“Workers are going to need to stand up against this”

Deere workers denounce sellout contract

By our reporters
5 October 2015

Over 11,000 workers for the agricultural equipment giant John Deere were forced to vote on a six-year contract proposal Sunday after receiving a mere dozen or so pages of “highlights” hours before from the United Auto Workers (UAW).

Sunday evening, the UAW announced that the contract passed, without providing any details of the vote count or the contract itself. (See, “UAW claims John Deere contract ratified despite widespread opposition”)

Campaigners from the WSWS Autoworker Newsletter spoke with Deere workers in Cedar Falls, Iowa and East Moline, Illinois. They passed out a leaflet demanding the full disclosure of the UAW-company deal and for workers to be given enough time to study any proposal before voting on it.

Cedar Falls, Iowa

Workers lined up for over an hour and a half outside of McLeod Center at the University of Northern Iowa in Cedar Falls. Before the meeting, campaigners distributed nearly a thousand leaflets containing the statement, “Reject UAW effort to ram through sellout deal!,” to Deere workers who received them warmly.

Some 2,000 Deere workers are members of UAW Local 838 in the Waterloo-Cedar Falls area. Workers were keenly interested in the call for workers to follow the example set by Fiat Chrysler workers who forced the UAW to release the entire contract, not just “highlights” before voting.

“Hey, I’m with you guys,” one worker told campaigners. “I’ve felt for a long time that the UAW does not represent our interests. I’ve said this before. Of course we should be shown the full contract. But the UAW has always rammed through whatever contract they bring back to us. And that is what they are going to do here today.”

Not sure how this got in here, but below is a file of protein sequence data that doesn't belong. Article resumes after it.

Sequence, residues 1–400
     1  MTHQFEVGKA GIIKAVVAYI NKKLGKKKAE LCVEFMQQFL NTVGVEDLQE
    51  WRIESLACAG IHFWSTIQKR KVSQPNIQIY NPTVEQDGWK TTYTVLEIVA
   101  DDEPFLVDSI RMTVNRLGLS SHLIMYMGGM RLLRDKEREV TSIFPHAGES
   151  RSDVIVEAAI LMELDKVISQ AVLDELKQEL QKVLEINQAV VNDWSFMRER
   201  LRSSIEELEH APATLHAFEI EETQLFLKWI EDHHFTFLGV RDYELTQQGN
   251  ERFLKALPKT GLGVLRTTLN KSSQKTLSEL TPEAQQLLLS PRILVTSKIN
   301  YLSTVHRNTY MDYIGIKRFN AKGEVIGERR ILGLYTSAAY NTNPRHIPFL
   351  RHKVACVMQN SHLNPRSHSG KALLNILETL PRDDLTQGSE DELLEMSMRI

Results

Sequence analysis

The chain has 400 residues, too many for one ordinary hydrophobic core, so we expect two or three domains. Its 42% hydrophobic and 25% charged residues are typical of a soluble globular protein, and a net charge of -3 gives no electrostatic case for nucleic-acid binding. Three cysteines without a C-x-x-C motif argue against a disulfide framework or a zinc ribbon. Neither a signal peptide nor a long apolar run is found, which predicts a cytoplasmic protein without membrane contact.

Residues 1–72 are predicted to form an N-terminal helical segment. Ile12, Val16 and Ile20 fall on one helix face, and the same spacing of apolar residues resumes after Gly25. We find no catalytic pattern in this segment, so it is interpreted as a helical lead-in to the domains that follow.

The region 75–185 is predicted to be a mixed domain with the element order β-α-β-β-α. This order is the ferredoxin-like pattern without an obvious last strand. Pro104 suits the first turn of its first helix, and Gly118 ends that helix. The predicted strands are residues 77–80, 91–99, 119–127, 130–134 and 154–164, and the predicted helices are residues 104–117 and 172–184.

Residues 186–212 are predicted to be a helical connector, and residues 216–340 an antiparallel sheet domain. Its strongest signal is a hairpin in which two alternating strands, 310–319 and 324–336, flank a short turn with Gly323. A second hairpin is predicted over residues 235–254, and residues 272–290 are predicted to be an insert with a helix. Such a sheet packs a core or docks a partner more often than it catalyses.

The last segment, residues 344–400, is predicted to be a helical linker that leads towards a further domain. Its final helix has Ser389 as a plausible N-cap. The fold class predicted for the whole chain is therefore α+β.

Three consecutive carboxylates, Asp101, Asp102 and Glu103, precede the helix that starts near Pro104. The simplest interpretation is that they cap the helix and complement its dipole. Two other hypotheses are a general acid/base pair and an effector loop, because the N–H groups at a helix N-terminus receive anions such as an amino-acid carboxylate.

Another worker with over 30 years told the WSWS, “I just read your Autoworker Newsletter two weeks ago for the first time. When our union president announced to the media that this was a good contract, I was relieved. I talked to a steward, and he told me that from what he knew it was a good contract.

“But when I see that Norwood Jewell, the same guy that sold out the Fiat Chrysler workers, was our negotiator with Deere, I am beginning to wonder. To go into a meeting and vote on a contract we have not seen doesn’t seem right. The devil is in the details. And if it’s anything like the Fiat Chrysler contract, I can’t support it.”

Workers expressed frustration over having to review and vote on the contract at the same meeting. One worker reported that a union committeeman said the company gave the UAW until October 5 to get the contract ratified.

After the meeting, a worker who had been laid off told the WSWS, “I voted ‘no’ because it seemed like that was what most wanted. The ratification bonus was not tempting enough for me to support the contract. Usually they give you a little bonus so they can screw you more later.”

About the UAW’s continued policy of stratifying workers under the hated two-tier wage system, he said, “There shouldn’t be divisions because that defeats the purpose of the union.” As to how to overcome these divisions, the worker agreed with the Autoworker Newsletter’s call for the unification of the struggles of Deere workers with all autoworkers, steelworkers and teachers. “I think that’s the only thing that will get anything done. That’s what it should be.”

Another veteran worker coming out of the meeting said, “There is so much red tape and bureaucracy in our union, you wouldn’t believe it. At the meeting, the most vocal people speaking up were those against the contract. They wanted more equality in the union. They want an end to two tiers. They wanted the younger guys treated the same as the older guys. I think the majority of people are against it. What I’m not sure is if they voted against it.”

Another worker leaving the meeting said, “I don’t think it’s a good deal. There was a lot of complaining in the meeting. But it was hard to hear. The way they had it set up, there was an echo that made it really difficult to hear what anyone was saying.